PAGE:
Due To "Slow Vaccine Rollout" Majority Of Japan Doesn't Want Olympics

The Tokyo Olympics are only three months away now, but there is still a lot of uncertainty and concern surrounding the event, specifically among those living in Japan. Due to the ongoing coronavirus pandemic and not everyone in the country being vaccinated, many are worried the games -- which have already been postponed once -- will not be safe to hold.

On Monday, a Kyodo News poll showed that the majority of those asked in Japan are in favor of postponing or canceling the games altogether. Here are the stats from a Kyodo News poll:

"Amid lingering concern over a fourth coronavirus wave and the slow progress of vaccination, the poll found 39.2 percent believe the postponed Olympics and Paralympics should be canceled, while 32.8 percent think they should be rescheduled. Only 24.5 percent responded that the games should be held as scheduled."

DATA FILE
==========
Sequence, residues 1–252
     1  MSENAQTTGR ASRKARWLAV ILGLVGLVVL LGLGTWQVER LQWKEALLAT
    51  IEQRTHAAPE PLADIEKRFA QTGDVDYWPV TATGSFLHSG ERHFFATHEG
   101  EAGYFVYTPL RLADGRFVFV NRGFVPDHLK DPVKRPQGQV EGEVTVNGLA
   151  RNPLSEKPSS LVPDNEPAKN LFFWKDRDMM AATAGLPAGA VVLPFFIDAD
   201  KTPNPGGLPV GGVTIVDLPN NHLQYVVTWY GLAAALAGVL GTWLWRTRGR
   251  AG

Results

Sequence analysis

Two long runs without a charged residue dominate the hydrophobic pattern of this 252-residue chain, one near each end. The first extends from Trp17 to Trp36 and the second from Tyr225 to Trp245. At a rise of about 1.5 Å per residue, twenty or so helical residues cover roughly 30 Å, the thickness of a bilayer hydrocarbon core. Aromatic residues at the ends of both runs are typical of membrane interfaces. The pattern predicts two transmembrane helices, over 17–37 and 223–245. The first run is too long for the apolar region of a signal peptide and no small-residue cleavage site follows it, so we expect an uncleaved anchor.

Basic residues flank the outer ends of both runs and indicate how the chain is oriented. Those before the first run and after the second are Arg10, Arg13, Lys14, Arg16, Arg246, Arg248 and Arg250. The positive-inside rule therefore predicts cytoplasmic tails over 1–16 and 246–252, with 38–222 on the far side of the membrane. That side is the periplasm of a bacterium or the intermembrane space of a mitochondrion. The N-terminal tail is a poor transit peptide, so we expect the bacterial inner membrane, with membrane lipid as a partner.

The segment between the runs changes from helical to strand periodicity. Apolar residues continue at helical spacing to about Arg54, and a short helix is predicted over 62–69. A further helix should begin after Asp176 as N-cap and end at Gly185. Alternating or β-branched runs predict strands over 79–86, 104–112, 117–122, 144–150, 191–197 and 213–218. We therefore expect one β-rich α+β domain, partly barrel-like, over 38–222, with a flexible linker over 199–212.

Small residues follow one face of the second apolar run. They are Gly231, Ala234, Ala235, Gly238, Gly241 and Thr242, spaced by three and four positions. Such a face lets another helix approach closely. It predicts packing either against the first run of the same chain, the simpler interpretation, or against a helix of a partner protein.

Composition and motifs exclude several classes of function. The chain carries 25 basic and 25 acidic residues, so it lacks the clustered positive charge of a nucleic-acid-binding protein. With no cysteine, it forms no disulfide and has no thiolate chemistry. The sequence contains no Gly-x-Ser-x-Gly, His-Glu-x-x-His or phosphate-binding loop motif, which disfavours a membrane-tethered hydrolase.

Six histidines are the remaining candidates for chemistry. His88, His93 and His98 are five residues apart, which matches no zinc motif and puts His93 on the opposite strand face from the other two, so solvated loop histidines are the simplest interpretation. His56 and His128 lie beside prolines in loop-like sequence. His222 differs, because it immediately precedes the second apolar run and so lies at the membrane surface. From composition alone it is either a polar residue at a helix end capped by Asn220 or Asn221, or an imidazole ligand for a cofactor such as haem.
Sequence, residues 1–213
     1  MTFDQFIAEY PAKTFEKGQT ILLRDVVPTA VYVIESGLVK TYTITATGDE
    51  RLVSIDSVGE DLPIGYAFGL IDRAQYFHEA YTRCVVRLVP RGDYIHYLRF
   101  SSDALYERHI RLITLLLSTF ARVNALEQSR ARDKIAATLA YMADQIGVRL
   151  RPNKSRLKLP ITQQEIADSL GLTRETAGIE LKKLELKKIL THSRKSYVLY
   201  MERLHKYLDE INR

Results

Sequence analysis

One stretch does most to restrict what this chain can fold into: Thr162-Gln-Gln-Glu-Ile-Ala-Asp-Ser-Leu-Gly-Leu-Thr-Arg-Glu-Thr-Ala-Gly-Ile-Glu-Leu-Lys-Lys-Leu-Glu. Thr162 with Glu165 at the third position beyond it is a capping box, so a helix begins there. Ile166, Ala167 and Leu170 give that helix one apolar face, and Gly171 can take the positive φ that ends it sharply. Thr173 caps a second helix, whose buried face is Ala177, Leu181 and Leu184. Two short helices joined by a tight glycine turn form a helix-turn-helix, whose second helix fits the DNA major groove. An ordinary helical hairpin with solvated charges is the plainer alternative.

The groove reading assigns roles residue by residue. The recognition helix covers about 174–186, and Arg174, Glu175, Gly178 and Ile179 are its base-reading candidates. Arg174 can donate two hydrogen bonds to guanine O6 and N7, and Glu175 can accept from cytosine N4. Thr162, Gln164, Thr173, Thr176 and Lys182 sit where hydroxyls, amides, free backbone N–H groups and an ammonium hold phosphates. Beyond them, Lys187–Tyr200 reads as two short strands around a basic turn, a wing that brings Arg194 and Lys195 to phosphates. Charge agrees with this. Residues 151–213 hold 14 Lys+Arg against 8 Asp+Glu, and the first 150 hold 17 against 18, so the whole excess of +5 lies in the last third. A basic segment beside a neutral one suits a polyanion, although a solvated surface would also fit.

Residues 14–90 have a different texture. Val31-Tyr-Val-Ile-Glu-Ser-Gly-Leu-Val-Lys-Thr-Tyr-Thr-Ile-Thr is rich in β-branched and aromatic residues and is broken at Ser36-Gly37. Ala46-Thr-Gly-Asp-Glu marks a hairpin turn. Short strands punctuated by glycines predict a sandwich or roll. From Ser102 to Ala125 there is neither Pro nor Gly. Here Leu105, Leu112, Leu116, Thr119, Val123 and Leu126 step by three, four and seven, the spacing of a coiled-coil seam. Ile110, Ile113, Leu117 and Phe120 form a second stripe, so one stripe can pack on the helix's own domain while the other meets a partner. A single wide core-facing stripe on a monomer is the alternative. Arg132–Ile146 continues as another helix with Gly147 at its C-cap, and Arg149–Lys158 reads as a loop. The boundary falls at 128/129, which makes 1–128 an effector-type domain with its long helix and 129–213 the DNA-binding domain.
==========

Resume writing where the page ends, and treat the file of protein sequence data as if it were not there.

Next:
According to the Wall Street Journal, only one percent of Japan's population is vaccinated against COVID-19.

As noted in the Kyodo News report, and highlighted by the Wall Street Journal information above, the concern for the Olympic events come in large part due to Japan's COVID-19 vaccine rollout which, because it is relying heavily on getting vials from other countries, is not moving as fast as desired.

According to nationwide telephone poll conducted and reported on by Kyodo News, 60 percent of people in the country are "dissatisfied" with the how the vaccine is being distributed. On Monday, Japan moved on to the phase of the rollout that includes vaccinating those who are 65 and older. Before Monday, health care workers were prioritized.

The poll also touched on the torch relay, with 13.2 percent saying it should continue, 49.3 percent saying in areas with high COVID-19 rates it should be canceled and 35.9 percent saying it should be canceled entirely. The torch relay began on March 25 in Japan.

Nearly all polled are concerned about COVID-19 cases rising, as Kyodo News wrote that "92.6 percent said they feel anxious about a resurgence of novel coronavirus infections."


Sponsored Content

Sponsored Content